Yesterday’s Bret Easton Ellis profile of Quentin Tarantino in the New York Times Style Magazine caught its fair share of flak, both for Ellis’s own opinions and quotes from the director himself.
Now, Tarantino has written to Indiewire’s Anne Thompson to clarify his statement that Ava DuVernay’s Selma “deserved an Emmy,” a comment that, combined with another passage on the relative merits of film and television, many readers interpreted as a dig. Here’s the Selma quote in full:
We touch on this year’s Oscars and the supposed Oscar snubbing of Ava DuVernay’s Martin Luther King movie ‘‘Selma,’’ which caused a kind of national sentimental-narrative outrage, compounded by the events in Ferguson, and which branded the Academy voters as old and out-of-it racists — despite the fact that ‘‘12 Years a Slave’’ had won Best Picture the year before. Tarantino shrugs diplomatically: ‘‘She did a really good job on ‘Selma’ but ‘Selma’ deserved an Emmy.’’ ‘‘Django Unchained,’’ with its depictions of antebellum-era institutionalized racism and Mandingo fights and black self-hatred, is a much more shocking and forward-thinking movie than ‘‘Selma,’’ and audiences turned it into the biggest hit of Tarantino’s career. But it was also attacked for, among other things, being written and directed by a white man.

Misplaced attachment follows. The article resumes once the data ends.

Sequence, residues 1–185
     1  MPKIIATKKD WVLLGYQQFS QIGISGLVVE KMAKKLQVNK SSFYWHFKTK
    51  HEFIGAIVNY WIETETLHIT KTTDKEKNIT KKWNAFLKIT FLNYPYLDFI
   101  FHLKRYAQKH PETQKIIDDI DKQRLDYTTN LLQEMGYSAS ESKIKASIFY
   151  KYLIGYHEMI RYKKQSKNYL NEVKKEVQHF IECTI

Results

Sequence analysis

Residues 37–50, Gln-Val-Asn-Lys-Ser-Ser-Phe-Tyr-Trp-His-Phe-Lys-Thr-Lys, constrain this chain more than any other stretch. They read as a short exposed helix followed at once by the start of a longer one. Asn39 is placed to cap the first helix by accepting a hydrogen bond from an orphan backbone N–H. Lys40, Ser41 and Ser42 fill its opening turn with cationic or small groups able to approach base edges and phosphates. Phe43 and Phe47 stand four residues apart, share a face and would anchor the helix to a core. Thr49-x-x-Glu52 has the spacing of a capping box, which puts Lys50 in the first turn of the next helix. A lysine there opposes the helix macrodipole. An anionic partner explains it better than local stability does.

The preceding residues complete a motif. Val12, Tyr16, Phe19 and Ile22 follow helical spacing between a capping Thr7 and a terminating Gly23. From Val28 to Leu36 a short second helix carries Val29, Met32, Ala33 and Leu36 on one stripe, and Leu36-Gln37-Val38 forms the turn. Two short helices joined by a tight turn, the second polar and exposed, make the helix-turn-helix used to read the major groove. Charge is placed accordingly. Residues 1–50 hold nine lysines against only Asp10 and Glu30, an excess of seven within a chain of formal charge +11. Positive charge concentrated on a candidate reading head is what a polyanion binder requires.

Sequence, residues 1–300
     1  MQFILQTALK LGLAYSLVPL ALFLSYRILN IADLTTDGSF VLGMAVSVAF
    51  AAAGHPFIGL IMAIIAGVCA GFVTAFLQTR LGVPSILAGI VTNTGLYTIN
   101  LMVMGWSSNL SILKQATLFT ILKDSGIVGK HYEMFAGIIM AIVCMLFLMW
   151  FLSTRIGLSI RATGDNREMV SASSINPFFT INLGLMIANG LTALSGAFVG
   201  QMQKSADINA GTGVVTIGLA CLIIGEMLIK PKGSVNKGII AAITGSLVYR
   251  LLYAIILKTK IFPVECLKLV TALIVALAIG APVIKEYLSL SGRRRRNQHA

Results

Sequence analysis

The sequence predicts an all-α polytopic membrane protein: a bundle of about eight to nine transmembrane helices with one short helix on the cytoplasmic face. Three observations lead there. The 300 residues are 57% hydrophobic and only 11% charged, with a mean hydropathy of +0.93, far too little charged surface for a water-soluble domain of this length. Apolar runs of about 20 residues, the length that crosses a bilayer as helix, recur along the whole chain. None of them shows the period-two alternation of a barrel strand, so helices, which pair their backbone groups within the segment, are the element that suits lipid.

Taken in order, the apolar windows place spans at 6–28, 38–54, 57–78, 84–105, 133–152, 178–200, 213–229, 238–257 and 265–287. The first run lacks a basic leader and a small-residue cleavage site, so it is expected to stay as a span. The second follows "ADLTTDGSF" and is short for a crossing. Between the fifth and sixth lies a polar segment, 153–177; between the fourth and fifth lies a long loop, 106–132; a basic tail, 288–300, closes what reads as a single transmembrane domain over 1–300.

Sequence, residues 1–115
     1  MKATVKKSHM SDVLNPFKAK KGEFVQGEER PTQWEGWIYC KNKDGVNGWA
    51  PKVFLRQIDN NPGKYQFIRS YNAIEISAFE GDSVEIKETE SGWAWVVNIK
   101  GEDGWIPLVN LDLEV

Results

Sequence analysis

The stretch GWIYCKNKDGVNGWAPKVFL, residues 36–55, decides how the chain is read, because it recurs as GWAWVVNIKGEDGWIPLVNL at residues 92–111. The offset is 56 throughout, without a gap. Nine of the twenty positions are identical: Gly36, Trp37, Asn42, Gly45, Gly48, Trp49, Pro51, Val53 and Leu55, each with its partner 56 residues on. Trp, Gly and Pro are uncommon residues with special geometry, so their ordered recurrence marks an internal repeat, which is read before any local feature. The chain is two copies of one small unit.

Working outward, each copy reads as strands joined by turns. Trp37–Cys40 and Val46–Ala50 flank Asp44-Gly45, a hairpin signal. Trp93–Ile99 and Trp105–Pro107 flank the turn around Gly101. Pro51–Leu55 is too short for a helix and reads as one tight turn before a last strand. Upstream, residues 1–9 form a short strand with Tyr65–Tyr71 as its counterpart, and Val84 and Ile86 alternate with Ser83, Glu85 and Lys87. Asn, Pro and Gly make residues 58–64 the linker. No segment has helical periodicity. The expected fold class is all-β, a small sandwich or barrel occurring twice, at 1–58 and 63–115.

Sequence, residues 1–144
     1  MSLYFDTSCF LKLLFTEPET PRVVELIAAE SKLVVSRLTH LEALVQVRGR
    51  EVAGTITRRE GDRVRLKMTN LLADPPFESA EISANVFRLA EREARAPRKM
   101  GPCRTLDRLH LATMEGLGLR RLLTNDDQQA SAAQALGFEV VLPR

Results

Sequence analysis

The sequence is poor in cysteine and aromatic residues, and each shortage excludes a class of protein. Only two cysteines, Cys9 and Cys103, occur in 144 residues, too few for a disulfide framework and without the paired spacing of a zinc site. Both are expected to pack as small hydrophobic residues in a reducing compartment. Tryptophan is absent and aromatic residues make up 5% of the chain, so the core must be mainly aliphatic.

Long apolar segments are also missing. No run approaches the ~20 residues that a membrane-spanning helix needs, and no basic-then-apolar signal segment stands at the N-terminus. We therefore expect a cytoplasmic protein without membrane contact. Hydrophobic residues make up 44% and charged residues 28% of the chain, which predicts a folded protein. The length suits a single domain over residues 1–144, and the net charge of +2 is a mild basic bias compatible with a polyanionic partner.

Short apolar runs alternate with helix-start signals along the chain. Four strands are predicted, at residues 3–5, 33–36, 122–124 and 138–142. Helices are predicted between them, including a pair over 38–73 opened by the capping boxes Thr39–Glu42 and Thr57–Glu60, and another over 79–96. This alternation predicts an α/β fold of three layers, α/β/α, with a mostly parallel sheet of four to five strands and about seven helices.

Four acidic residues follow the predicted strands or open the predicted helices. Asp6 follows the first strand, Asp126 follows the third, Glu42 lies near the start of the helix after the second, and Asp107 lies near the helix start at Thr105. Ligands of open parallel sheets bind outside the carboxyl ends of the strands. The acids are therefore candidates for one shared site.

And here’s Tarantino’s email to Thompson:
I’m writing you to pass on that the quote from the NY Times piece about “Selma” is wrong. I never saw “Selma.” If you look at the article, it was Bret who was talking about “Selma,” not me. I did say the line “it deserved a Emmy,” but when I said it, it was more like a question. Which basically meant, “it’s like a TV movie?” Which Bret and myself being from the same TV generation, was not only understood, but there was no slam intended. Both Bret and myself come from the seventies and eighties when there were a lot of historically based TV movies: the King mini-series written by Abby Mann staring Paul Winfield; “Crisis at Central High” with Joanne Woodward. And “Judge Horton and the Scottsboro Boys.” These were great TV movies. I’d be honored to be placed next to those films. However, I haven’t seen it. Does it look like a seventies TV movie? Yes. Does it play like one, I don’t know, I haven’t seen it. Q
While it definitely is worth noting that the more heinous Selma material comes from Ellis, as do the later comments regarding TV (“The best TV shows still have sets that look a little ragged and threadbare because of the reality of TV economics”), it’s also difficult to picture “She did a really good job on ‘Selma’ but ‘Selma’ deserved an Emmy” as a question rather than a statement.
Then again, Tarantino knows what he said better than anyone, so back to feverishly anticipating The Hateful Eight!